Later on in the Bible, Matthew seems to present Jesus as a foolish man and a false prophet, and seems to be trying to warn us about him (Foolish Jesus And The Ravening Wolves). He even goes on to refute the notion that the Gospels were written by eye-witnesses (Hey Christians! Is Matthew For Real?) but here he is making him look like a fool who knows nothing of human psychology, or even as someone cynically trying to trap people.
Ye have heard that it was said by them of old time, Thou shalt not commit adultery: But I say unto you, That whosoever looketh on a woman to lust after her hath committed adultery with her already in his heart.
I wonder if it's okay for a woman to look on a man to lust after him. Maybe it hadn't occurred to the man who wrote that stuff that women have those sorts of thoughts too... But that's by the by.
|Don't think about the elephants!|
How long did you last? Did you remember right at the start what you were supposed not to be thinking about?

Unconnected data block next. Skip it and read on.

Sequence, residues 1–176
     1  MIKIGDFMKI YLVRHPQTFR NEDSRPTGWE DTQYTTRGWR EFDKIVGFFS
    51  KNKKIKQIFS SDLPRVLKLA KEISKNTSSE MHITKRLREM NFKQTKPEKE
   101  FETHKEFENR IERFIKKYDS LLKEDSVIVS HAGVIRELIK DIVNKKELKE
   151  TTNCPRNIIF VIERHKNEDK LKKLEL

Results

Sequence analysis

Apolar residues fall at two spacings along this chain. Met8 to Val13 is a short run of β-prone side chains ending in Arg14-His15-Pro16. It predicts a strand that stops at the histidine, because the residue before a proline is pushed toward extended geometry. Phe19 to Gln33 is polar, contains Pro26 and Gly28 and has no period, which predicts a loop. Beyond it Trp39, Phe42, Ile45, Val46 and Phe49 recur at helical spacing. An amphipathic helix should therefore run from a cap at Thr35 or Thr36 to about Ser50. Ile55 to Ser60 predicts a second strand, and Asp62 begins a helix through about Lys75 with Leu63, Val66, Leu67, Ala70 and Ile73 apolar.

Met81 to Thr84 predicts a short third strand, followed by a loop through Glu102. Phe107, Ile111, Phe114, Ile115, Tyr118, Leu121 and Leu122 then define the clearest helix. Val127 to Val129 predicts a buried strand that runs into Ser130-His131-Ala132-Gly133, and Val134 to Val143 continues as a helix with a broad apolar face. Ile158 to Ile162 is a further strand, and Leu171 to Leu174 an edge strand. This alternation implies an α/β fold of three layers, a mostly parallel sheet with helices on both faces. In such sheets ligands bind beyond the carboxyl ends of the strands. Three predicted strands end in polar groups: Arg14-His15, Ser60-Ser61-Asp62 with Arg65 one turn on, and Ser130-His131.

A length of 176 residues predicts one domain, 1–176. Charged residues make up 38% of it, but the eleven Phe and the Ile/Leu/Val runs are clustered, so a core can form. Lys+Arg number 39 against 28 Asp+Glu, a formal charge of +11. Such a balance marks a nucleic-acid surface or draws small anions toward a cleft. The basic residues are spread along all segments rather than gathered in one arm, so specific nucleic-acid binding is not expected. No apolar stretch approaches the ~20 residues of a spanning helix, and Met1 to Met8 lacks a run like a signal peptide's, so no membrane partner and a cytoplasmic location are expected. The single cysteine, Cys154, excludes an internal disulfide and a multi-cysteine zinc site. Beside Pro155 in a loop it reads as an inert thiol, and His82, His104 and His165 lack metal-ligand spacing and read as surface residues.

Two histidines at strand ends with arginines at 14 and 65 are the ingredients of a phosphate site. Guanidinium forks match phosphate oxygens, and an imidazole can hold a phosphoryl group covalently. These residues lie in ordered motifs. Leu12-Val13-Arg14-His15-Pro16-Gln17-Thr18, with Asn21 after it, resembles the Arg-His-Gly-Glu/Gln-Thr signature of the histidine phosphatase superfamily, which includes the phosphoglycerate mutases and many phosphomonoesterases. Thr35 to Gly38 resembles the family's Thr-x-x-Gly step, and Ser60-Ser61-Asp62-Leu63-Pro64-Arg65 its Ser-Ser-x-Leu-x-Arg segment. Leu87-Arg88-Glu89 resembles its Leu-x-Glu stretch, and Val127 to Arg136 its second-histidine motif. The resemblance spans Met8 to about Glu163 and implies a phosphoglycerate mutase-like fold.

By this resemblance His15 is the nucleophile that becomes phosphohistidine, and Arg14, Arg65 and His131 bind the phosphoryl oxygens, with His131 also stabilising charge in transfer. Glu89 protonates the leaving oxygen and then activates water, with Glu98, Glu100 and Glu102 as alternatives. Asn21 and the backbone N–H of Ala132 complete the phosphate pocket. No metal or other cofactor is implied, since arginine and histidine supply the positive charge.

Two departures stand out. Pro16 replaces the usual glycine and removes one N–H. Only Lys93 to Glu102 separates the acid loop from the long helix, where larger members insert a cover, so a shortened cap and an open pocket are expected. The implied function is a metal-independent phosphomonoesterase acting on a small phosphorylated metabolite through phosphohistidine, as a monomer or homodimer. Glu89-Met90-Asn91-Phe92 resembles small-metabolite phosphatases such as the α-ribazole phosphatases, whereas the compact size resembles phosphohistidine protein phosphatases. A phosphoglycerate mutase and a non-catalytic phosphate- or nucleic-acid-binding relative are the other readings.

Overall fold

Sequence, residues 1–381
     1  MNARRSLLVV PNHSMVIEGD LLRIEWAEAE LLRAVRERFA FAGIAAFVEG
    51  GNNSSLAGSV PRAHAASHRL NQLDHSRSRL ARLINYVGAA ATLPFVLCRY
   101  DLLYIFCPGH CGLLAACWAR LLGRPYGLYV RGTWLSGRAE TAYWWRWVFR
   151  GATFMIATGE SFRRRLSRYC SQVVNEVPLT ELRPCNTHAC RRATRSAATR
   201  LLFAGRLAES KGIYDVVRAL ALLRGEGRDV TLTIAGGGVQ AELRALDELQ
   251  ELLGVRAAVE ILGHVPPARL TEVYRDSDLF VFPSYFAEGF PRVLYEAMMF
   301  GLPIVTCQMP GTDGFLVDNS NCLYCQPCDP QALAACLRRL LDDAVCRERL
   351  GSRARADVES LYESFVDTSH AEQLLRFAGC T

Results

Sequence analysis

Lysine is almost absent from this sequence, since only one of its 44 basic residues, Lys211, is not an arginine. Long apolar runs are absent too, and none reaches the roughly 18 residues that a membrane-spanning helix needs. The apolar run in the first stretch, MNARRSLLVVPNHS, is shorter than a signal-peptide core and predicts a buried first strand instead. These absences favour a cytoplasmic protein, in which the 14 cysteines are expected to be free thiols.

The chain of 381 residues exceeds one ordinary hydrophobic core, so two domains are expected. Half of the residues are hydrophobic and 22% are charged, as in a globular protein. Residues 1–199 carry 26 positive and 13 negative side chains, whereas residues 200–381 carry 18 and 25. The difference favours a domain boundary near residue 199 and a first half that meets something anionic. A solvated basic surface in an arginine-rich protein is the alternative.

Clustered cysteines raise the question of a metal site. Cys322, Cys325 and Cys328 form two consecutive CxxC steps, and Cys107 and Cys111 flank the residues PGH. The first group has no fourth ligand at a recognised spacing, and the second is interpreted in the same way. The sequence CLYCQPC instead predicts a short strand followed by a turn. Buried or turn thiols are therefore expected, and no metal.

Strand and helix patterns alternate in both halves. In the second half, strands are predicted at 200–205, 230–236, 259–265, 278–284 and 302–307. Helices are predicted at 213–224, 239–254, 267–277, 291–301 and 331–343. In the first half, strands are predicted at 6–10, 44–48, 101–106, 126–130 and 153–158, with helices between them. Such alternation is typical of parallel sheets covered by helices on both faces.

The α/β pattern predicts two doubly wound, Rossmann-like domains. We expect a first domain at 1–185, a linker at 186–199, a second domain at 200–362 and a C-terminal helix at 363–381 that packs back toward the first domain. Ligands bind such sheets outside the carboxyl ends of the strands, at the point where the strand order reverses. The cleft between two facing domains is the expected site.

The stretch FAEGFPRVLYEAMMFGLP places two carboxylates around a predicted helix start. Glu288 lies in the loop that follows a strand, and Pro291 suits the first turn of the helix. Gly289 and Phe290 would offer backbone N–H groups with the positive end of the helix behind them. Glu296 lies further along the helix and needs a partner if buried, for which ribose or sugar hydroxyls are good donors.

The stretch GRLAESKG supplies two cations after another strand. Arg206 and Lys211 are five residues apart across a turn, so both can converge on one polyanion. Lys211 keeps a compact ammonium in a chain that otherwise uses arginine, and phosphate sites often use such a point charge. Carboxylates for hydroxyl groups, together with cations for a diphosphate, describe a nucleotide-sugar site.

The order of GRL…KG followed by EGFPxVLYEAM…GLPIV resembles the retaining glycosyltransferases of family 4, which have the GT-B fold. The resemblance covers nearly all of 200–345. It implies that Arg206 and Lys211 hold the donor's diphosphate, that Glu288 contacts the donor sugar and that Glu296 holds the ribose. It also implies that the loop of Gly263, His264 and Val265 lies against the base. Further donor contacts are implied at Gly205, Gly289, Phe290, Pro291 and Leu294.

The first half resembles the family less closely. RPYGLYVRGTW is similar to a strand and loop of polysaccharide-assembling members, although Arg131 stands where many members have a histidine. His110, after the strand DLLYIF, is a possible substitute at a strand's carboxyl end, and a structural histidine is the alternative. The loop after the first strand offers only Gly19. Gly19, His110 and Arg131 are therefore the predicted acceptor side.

So you lost right then.
You see, there is no way you can remember not to think about elephants without thinking about elephants, just as there is no way to remember not to lust after someone without thinking about lusting after them. Go on! Try it!
No sane, intelligent, compassionate, loving god would impose a ludicrously impossibly puritanical rule like that on humans and then condemn them if they broke it.
Mind you, a malignant god would. So would a writer who is trying to make this god out to be malignant.
And so, which is far more likely, would a writer who wants to make you feel trapped and riddled with guilt for merely being human and doing what humans can't avoid doing. He might just as well have condemned you for just being born.
Oh! He did that too, of course.
Other sections of Matthew that Christians might like to try not to think about are:
Matthew 1:23 where Matthew gives the game away about the 'Jesus' prophesy being made up.
Matthew 27: 51-53 Where Matthew makes the entire crucifixion story look like a bad scifi story.
Matthew 2 where Matthew makes the birth of Jesus look like another silly attempt to create myth on the hoof.